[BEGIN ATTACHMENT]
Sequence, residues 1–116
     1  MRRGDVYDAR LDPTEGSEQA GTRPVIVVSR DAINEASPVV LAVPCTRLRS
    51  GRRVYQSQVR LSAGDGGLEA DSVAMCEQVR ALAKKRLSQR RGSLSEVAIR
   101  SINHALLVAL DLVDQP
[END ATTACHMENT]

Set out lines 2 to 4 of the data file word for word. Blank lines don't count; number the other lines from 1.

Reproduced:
     1  MRRGDVYDAR LDPTEGSEQA GTRPVIVVSR DAINEASPVV LAVPCTRLRS
    51  GRRVYQSQVR LSAGDGGLEA DSVAMCEQVR ALAKKRLSQR RGSLSEVAIR
   101  SINHALLVAL DLVDQP